Under these two grounds, the deed of gift may be revoked. It can only be revoked by the donor himself and no other person assigned by him. After his death, his legal heirs, however, can revoke the contract if they show that the consent was not free and it was caused due to undue influence or coercion. But the period of limitation is 3 years from the date on which it came to the knowledge of the donor. If the donor himself has ratified the gift either expressly or impliedly, he cannot revoke the deed of gift later.

Deed of Gift is also of two types:

  • Regular – which cannot be revoked
  • Conditional – it can be revoked if there is a condition to which both parties have given their consent.


Gifts within close relatives are exempted under Section 56(2) (vii) of the Income Tax Act, 1961. Under this Section, any gift exceeding the amount of 50,000 Rs received by the donee will be taxed under the head of ‘Income from other sources. According to this Section, a gift is not taxable if it is received or given to a person or Hindu family by any blood relation as an inheritance, a wedding present, or while facing death.

In other cases, a gift will be taxable if the total amount of gifts received in a year cross Rs. 50 thousand.


Under the Transfer of Property Act, of 1882, a gift deed is not valid if it is not registered. It can only be valid if it is registered and for registering, the gift deed would include the donor’s signature with donee and two other witnesses.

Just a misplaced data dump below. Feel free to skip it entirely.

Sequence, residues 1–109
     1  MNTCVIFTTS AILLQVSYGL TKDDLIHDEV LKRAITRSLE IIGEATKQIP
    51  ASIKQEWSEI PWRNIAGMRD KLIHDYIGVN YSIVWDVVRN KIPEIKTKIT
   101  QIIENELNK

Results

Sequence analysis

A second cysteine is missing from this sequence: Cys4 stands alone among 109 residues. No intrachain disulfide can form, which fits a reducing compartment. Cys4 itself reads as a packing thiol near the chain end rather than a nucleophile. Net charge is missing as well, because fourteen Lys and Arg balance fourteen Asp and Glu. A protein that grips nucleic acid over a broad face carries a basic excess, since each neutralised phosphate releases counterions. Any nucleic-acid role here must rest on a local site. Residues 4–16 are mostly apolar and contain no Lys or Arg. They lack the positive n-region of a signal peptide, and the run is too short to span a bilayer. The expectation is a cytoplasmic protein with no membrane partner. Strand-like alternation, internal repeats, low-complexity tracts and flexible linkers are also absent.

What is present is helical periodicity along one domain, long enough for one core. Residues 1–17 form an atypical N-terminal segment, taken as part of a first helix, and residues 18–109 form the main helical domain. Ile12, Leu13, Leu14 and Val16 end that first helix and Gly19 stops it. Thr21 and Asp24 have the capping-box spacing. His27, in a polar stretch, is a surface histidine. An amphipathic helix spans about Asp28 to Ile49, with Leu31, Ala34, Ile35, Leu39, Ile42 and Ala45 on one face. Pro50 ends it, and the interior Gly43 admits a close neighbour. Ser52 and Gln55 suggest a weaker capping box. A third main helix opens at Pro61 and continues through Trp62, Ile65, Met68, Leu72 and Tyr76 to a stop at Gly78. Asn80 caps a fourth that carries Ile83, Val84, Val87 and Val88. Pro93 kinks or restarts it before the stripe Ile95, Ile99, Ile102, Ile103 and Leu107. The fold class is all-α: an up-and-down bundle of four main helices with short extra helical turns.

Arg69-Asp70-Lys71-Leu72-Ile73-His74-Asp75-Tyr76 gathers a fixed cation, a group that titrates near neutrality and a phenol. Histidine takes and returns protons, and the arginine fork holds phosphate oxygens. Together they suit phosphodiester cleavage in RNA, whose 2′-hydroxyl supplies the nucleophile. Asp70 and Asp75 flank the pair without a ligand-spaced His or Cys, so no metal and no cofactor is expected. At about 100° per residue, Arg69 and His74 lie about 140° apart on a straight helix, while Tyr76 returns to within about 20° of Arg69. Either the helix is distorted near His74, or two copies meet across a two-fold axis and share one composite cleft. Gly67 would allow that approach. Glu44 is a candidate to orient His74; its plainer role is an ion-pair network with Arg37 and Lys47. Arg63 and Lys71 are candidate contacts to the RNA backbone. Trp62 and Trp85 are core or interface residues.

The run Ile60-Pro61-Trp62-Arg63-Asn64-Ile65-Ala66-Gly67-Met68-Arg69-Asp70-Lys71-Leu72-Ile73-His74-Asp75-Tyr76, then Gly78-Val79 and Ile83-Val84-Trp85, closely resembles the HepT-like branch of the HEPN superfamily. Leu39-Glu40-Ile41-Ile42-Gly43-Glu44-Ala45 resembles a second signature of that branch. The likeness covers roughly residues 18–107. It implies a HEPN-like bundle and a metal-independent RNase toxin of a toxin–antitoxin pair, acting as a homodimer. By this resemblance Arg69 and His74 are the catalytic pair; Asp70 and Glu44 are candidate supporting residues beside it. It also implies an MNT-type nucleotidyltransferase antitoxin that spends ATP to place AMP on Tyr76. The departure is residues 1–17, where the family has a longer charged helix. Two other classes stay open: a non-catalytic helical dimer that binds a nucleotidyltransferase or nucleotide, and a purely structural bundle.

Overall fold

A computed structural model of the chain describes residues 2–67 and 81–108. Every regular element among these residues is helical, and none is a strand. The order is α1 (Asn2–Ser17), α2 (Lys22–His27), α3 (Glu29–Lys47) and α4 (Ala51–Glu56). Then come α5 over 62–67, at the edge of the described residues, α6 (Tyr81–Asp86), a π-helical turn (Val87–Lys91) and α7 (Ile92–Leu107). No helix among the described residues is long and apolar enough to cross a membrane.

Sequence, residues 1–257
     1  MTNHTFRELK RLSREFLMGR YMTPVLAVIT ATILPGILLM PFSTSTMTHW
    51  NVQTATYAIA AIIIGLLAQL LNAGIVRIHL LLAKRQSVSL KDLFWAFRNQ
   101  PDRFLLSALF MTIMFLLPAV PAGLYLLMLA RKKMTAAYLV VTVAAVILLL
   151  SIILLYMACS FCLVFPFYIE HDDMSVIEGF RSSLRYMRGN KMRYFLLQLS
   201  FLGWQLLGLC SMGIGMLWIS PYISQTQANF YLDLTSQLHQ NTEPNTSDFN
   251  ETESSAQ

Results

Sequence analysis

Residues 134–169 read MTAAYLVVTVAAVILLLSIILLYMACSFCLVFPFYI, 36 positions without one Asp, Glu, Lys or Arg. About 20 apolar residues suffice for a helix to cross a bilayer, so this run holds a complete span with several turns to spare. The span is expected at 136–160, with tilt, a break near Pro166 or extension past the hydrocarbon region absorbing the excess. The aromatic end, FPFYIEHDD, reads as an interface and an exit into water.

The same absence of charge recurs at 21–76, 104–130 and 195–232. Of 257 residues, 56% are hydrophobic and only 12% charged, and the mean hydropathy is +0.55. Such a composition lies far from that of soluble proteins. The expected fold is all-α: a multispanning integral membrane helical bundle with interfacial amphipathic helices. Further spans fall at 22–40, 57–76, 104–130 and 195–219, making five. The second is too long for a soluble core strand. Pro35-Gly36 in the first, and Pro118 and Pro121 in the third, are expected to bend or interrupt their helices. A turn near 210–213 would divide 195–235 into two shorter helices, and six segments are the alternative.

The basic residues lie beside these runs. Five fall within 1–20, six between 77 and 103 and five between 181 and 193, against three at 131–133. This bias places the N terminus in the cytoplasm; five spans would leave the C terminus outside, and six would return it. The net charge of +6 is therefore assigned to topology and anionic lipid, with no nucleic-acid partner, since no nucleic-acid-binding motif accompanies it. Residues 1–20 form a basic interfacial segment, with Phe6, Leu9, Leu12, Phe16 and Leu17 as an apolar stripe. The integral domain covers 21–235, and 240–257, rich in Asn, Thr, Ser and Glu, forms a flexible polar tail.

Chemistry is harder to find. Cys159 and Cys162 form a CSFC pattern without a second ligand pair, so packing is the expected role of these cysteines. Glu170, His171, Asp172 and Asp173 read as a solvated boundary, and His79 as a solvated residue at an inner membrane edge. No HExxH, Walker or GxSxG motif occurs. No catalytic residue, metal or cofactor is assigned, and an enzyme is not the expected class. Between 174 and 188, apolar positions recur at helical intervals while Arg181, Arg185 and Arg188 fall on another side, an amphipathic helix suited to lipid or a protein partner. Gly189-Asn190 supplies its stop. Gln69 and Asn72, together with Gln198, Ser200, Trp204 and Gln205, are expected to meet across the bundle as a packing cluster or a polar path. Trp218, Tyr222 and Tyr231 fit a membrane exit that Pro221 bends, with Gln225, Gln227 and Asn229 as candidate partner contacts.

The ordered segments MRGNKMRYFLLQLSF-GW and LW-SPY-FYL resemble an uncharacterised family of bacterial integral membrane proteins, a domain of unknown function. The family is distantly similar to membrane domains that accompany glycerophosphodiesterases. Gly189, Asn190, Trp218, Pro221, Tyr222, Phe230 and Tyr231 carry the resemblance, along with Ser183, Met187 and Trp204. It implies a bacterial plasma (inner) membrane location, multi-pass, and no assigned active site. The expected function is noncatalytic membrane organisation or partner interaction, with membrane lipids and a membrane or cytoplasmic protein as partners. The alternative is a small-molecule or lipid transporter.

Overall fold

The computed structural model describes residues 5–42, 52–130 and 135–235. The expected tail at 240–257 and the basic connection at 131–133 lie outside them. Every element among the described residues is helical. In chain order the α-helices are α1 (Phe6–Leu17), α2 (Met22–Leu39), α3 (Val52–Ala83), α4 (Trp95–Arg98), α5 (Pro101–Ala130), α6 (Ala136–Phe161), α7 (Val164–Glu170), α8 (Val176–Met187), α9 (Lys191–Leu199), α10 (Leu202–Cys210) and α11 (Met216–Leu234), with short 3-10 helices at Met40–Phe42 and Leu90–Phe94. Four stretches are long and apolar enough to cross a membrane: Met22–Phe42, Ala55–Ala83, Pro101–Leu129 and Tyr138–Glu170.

The only way, the gift deed will be enforced is if it is officially recorded with the registrar’s office which involves a registration fee and stamp duty.  The needed clauses must be listed on the stamp paper and the necessary stamp duty must be paid to register a gift deed. Different states have different stamp duties with varying values. Also, the jurisdiction of the registrar’s office will depend upon the location of the donor if the gift is movable.


The following procedures must be followed to register a gift deed by the Registration Act, of 1908:

  • The deed of a gift must be signed by both the donor and the donee in the presence of at least two witnesses before being submitted to the District Sub-Registrar within the jurisdiction of the gifted property. The property to be gifted must first be valued by an authorised valuation expert at the office of the Sub-Registrar.
  • Afterward, the gift deed must be submitted to the district sub-registrar, whose authority includes the bestowed property;
  • Hire a lawyer to compute the registration fees, which must take stamp duty and other fees into account.
  • Pay the valuation-based stamp duty and other registration fees;
  • Get the gift deed attested, then.

As commonly understood, an unregistered gift cannot be used as proof and cannot transfer ownership to the recipient. The cost of the stamp duty to register might differ from state to state, and in some areas, it is somewhat less for women.

In the case of Atmaram Sakharam Kalkye v. Vaman Janardhan Kashelikar[14], the Bombay High Court held that gifts can only be “affected” by a registered instrument under Section 128 of the Transfer of Property Act, 1882. If the gift has been transferred without registration and before registration, the donor declares his intention not to be bound by it then, he may repudiate it.


Onerous gifts are those that are more of a liability than an asset. ‘Onerous’ is a synonym for ‘burdened. As a result, a property is said to be burdensome when its responsibilities outweigh its benefits. It is referred to as an onerous gift, or a non-beneficial gift when such a property is given. Such gifts are subject to rejection by the donee.

Where a gift is in the form of a single transfer to the same person of several things of which one is, and the others are not, burdened by an obligation, the done can take nothing by the gift unless he accepts it fully. Where a gift is in the form of two or more separate and independent transfers to the same person of several things, the done is at liberty to accept one of them and refuse the others, although the former may be beneficial and the latter onerous.[15]